Waste Oil Generations - System narratives

Fatconomy and the Uncharted Future of Fats
  • Supported by the Royal Commission

A key milestone for Fatconomy was collaborating with younger people from a state school to create an educational narrative around waste oil systems. The goal was to use a design and engineering object, ‘the fat trap’, to reveal hidden aspects of waste oil systems. This approach aimed to stimulate debate, questioning, and curiosity, thereby opening up discussions on future studies, biomaterial craft, and clean energy initiatives within the circular economy.

This development has led to a more democratic design process in which we invited students to learn from a modified fat trap and its current, and possible future functions within their local area. Illustrating how ‘hacking’ a fat trap can reveal the value of the waste oil present in their homes, schools and local takeaways. The ‘FAT TRAP A.I.’ Prototype became the centrepiece of the workshop with St. Joseph’s College, prompting us to structure the workshop around this design object. This design prototype evolved into a tool for pedagogy.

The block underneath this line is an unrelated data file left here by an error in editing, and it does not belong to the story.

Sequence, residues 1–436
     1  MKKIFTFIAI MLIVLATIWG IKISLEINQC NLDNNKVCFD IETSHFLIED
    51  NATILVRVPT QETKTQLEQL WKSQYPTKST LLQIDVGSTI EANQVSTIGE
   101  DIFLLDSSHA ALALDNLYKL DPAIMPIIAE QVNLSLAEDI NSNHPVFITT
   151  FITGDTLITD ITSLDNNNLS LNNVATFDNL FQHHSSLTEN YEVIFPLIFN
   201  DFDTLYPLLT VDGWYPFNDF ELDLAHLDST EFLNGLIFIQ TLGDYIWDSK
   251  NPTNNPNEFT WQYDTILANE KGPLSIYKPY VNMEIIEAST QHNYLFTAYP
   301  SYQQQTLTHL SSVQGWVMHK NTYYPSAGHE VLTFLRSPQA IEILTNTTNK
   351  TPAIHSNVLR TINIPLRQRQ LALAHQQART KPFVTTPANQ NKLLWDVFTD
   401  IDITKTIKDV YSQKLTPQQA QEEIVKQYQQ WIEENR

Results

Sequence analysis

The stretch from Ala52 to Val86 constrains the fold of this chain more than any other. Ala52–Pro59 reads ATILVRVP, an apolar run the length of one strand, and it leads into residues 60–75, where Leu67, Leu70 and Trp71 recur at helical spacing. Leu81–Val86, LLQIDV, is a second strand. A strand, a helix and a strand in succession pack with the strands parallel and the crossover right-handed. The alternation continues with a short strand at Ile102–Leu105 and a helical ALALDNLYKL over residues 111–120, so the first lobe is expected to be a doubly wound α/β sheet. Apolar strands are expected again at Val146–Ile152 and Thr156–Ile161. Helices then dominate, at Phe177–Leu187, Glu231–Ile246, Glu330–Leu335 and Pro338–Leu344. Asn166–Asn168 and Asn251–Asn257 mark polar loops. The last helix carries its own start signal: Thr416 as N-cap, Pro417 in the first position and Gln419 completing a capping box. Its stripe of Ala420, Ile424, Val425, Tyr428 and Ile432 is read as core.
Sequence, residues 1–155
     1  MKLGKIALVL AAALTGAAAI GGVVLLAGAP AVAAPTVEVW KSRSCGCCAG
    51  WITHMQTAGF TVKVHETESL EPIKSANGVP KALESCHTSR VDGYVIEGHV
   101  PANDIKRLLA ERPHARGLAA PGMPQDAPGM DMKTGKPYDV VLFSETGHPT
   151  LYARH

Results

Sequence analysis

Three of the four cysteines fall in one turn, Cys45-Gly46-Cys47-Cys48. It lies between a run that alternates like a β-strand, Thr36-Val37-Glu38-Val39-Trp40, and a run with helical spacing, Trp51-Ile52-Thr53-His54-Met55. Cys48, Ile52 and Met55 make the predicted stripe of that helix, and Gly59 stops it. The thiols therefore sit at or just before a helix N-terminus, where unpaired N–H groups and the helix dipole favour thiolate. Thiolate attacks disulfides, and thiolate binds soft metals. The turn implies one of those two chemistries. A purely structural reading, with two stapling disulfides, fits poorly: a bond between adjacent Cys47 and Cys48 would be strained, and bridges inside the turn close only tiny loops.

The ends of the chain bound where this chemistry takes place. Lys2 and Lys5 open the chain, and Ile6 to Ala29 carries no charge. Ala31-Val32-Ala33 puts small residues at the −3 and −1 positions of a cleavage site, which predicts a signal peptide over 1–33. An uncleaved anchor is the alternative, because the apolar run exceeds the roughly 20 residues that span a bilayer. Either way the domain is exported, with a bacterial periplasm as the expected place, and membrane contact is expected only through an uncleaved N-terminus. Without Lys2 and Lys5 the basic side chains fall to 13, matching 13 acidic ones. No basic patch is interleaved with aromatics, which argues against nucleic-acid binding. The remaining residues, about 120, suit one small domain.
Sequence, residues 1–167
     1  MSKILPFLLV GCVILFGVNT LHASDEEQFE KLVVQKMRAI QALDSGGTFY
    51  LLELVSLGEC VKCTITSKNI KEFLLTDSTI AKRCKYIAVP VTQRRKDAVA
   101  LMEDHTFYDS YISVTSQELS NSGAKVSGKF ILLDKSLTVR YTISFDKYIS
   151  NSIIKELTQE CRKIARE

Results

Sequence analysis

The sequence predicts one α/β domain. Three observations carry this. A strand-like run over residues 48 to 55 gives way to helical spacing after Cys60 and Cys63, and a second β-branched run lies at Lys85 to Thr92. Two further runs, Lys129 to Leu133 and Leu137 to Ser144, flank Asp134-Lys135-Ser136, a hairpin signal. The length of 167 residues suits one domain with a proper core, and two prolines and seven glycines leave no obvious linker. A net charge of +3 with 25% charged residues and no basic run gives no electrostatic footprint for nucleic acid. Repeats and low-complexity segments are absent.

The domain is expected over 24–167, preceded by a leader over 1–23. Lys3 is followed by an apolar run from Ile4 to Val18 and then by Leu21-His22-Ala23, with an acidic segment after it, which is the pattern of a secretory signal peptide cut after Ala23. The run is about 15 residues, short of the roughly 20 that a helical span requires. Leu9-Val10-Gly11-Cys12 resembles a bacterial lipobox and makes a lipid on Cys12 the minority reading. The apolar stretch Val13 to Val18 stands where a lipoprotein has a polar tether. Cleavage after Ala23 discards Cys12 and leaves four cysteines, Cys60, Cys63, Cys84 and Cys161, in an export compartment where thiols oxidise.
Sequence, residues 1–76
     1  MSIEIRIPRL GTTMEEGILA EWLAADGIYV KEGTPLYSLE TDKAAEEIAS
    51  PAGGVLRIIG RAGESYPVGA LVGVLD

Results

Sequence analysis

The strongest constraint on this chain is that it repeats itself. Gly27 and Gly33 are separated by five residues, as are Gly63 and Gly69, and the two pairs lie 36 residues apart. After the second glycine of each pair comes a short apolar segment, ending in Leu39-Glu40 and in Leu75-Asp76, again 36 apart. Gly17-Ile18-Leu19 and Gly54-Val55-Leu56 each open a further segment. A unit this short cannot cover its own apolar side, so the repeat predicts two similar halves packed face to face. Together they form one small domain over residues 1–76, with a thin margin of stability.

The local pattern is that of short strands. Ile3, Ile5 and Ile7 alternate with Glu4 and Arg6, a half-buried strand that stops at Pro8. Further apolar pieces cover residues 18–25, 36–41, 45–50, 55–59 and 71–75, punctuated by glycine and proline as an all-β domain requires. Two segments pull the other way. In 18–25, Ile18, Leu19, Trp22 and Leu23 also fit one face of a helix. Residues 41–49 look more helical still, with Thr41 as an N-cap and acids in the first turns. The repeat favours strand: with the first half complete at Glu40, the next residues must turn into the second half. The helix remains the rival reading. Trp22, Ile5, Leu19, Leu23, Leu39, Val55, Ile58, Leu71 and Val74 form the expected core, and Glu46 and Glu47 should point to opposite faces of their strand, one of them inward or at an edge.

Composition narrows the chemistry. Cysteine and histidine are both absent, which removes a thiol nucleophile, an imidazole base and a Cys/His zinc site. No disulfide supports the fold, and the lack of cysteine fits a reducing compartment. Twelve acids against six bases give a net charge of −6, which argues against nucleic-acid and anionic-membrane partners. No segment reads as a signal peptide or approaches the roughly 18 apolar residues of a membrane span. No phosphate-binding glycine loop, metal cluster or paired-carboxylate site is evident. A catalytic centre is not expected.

From this early prototype stage, we retro-fitted the fat trap device with open software tools, such as Chat GPT, to allow feedback on basic waste oil statistics. Data ranged from quantity needed to decarbonize a petroleum vehicle currently on the road, to the amount of waste glycerol that can be produced with the current amount of waste oil collected in the fat trap. The aim was to open more pathways for the students to study, investigate and interrogate the waste oil system.

We developed a methodology and format in collaboration with Kofi Damptey, head of engineering for Year 11 and sixth form at St. Joseph’s College, and Jean Ampah, head of business enterprise and engineering at St. Joseph’s College. Additionally, we partnered with industry experts Rachael Vincent, head of marketing at Olleco, and Adam Baisley, the CCO of Olleco, to gain external advice on waste oil recycling and to understand the main challenges Olleco face as a business.

Three acts were devised to breakdown the waste oil system into actionable research for the students, adopting a functional and clear method for each act was evidently needed to breakdown a waste system structure for the students to feel they can easily participate without being overwhelmed by complexities and barriers of uncertainty.

Design workshop and documentary with St Joseph’s College